The Broad Stroke of the EPA: Futuristic-Not Fatalistic
President Obama unveiled his new EPA rules on coal fueled power plants, which if implemented may just be the major tentpole of this president’s legacy. Though many Americans aren’t clamoring for environmental restrictions in light of other domestic issues, there is a strong segment of the country that has criticized the president for not paying enough attention to global warming.
New restrictions proposed for the coal industry will greatly reduce carbon pollution and help to accelerate renewable energy sources, which is expected to increase fuel-economy standards over the next 30 years or so. That is, if the bill gets by the Republicans. With a looming election likely to put the GOP in charge of the House and the Senate, it’s likely they could block the bill.
Looking back to April’s Supreme Court Ruling in favor of the EPA, however, offers a glimpse of hope. The agency had a huge win, with the Supreme Court approving their right to regulate pollutants like arsenic and mercury in the coal industry. Obama is surely hoping for some momentum from that decision, something that could help him to take the decisive action to broaden the powers of the EPA to reasonable standards.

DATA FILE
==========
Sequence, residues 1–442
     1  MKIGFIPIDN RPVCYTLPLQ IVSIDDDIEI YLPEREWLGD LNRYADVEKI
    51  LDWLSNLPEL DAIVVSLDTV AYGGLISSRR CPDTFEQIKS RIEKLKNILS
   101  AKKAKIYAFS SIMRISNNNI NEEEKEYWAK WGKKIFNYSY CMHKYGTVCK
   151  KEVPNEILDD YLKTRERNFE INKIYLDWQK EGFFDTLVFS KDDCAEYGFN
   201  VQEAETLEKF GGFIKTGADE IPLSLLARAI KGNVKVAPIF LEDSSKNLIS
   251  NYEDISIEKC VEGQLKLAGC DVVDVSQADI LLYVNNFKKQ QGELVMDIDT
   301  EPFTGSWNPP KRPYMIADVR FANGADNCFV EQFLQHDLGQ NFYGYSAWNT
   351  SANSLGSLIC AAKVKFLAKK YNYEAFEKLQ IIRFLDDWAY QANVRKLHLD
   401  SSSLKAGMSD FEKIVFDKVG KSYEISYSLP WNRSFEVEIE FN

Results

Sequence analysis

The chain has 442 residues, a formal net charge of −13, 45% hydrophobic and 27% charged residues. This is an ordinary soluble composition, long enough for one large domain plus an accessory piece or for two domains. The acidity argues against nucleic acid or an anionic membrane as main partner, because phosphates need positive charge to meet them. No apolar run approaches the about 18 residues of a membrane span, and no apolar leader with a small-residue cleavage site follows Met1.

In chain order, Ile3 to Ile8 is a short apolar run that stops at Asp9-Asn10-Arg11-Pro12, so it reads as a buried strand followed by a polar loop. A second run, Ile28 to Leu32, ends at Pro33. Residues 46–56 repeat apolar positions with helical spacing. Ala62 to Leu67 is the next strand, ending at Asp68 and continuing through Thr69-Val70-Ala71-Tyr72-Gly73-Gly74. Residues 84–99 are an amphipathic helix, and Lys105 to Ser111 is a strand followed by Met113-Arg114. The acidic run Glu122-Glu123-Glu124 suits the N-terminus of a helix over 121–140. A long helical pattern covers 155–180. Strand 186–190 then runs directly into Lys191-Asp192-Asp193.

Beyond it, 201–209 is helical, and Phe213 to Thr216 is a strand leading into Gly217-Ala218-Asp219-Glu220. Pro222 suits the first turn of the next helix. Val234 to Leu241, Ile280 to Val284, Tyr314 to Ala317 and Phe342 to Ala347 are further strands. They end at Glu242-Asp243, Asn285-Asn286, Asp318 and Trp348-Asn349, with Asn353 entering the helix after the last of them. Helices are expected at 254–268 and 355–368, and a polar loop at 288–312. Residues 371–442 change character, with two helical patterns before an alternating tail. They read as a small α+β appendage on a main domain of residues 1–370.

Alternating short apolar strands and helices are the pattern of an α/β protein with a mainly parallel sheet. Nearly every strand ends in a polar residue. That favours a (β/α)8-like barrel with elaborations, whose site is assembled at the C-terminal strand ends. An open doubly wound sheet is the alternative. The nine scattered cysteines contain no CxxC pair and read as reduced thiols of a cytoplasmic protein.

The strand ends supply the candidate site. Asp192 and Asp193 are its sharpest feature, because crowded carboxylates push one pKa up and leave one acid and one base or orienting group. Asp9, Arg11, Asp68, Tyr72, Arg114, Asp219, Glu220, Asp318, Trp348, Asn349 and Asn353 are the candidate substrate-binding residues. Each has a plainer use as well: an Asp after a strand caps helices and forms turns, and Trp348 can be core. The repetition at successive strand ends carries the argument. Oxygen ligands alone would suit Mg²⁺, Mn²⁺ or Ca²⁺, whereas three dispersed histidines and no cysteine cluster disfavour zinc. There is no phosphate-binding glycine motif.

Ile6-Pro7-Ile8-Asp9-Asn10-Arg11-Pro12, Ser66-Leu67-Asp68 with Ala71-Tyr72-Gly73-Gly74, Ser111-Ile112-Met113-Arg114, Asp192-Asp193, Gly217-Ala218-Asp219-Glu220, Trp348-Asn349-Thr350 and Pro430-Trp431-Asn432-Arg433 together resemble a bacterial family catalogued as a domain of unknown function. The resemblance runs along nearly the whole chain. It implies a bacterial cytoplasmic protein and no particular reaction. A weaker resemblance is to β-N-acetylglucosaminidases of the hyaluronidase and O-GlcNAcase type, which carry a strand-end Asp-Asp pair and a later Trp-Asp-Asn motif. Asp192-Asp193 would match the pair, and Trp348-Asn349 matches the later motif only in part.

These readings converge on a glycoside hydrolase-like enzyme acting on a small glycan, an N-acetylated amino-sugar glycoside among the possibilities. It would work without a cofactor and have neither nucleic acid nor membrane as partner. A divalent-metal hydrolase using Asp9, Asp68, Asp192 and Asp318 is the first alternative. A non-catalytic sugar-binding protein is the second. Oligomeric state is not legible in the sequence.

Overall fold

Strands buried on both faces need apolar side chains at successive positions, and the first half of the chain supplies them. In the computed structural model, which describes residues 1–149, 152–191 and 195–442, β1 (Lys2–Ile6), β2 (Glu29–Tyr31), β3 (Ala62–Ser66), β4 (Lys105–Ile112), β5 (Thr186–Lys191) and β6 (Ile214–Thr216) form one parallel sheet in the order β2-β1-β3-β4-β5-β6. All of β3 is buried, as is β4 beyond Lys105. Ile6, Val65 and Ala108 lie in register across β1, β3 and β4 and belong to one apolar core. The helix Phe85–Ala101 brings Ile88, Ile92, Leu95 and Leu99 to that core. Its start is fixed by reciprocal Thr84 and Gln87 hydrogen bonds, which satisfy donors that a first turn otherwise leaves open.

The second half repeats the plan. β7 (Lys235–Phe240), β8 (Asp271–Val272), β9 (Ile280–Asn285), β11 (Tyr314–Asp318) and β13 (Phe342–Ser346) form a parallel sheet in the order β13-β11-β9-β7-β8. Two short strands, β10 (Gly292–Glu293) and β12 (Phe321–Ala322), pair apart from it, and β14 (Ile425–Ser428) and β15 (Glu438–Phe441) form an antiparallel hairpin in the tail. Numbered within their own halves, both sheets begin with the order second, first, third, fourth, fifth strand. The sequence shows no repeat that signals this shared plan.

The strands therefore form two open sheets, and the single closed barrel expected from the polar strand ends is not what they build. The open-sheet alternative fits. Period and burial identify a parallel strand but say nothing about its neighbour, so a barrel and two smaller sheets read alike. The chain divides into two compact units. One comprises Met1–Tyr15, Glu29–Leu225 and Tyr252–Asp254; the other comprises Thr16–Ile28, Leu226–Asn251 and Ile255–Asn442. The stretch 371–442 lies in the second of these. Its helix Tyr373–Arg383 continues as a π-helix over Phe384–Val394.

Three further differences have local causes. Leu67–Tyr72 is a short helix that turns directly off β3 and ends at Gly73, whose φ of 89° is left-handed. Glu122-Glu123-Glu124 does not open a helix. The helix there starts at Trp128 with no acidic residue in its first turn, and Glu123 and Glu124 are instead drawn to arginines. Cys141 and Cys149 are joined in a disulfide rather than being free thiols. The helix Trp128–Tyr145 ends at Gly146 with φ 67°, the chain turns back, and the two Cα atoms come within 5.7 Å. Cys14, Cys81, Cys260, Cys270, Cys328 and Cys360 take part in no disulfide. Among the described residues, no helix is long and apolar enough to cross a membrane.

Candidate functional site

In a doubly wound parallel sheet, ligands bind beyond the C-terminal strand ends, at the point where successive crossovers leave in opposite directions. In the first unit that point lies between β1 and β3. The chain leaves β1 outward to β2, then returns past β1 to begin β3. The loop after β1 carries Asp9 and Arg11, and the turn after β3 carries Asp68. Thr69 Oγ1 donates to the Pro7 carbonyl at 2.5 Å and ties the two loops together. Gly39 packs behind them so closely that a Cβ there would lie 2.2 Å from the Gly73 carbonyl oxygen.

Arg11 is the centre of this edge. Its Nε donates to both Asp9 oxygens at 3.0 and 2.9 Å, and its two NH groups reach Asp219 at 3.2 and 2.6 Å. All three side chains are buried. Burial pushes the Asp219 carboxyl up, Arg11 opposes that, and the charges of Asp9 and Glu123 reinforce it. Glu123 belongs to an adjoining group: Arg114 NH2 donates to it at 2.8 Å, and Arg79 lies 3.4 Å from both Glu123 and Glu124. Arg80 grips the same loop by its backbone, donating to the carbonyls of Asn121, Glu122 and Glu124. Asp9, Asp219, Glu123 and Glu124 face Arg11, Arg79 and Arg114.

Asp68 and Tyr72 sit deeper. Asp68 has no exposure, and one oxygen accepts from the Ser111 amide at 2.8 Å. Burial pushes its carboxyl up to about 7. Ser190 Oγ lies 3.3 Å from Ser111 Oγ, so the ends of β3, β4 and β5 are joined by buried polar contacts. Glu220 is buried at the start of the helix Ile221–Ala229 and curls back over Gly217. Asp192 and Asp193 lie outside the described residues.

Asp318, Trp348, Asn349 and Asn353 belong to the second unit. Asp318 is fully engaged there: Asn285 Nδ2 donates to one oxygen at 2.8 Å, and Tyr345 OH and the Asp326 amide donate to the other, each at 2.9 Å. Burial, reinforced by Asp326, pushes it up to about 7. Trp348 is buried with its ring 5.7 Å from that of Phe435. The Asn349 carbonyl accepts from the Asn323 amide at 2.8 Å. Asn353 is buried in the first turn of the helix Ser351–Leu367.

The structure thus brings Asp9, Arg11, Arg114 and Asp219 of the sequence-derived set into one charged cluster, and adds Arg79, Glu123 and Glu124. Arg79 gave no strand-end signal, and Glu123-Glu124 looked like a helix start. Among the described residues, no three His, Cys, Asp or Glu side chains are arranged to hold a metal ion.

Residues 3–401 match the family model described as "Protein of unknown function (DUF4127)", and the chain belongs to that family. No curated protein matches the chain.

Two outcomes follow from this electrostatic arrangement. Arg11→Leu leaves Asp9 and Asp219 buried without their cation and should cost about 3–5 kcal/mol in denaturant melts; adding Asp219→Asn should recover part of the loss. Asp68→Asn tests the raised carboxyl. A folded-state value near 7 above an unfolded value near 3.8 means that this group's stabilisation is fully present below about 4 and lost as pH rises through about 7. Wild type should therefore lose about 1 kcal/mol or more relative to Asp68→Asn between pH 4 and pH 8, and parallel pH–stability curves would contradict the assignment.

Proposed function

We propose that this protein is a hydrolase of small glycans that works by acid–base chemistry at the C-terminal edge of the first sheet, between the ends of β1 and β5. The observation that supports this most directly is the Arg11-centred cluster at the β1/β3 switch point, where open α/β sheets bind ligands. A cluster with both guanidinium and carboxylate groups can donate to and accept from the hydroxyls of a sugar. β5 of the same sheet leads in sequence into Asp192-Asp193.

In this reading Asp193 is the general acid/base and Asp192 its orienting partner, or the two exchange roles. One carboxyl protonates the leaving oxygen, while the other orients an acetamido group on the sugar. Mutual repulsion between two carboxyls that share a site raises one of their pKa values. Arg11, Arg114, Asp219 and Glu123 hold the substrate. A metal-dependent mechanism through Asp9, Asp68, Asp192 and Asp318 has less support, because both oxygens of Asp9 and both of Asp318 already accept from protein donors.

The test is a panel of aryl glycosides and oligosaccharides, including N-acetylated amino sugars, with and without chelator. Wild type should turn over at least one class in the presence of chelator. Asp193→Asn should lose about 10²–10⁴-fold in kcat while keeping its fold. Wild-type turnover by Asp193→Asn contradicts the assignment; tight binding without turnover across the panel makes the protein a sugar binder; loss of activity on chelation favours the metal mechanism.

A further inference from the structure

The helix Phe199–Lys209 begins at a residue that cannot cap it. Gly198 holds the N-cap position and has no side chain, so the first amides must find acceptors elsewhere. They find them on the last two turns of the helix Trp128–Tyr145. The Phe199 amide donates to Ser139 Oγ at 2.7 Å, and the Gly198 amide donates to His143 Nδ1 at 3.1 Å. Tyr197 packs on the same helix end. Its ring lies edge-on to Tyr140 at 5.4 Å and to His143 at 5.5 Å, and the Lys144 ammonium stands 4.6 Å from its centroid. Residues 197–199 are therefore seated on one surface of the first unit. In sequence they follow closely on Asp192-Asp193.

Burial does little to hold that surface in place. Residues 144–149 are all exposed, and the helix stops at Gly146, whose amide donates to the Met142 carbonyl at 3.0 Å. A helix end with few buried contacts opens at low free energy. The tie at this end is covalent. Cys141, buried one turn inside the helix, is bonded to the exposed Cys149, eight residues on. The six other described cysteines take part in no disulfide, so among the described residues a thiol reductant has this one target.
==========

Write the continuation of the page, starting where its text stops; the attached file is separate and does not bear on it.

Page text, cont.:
Paul Krugman noted that the cost and loss of jobs over the next decades, in light of the benefits are to be had, are absolutely minimal. Opponents of the bill speak as if it is specifically designed to close coal plants, which is patently untrue. Under the guidelines of the bill, Americans could be incentivized to weatherize homes, to switch to cleaner fuels, and to save the environment…potentially from disaster.
Reducing pollutants doesn’t have to harm economic growth, as many on the right would have us believe. In fact, there are ways in which making this switch to cleaner energy sources now could have an overall beneficial impact on the economy. It’s important that we don’t allow fear to prevent us from progress like this. Public and private companies are more and more committing to solar energy, more energy efficiency, and strengthening standards because it’s good for business.
Obama hopes to provide solar energy to over 100,000 homes, which is the equivalent of removing 80 million cars from the road in terms of emissions. Businesses will save over $25 billion on their utility bills.
The fact of the matter is that we can’t afford to wait any longer to make changes designed to help the environment. The risk is too great, since there could be a point when the planet cannot be saved. Sustaining it, protecting it, must be a priority.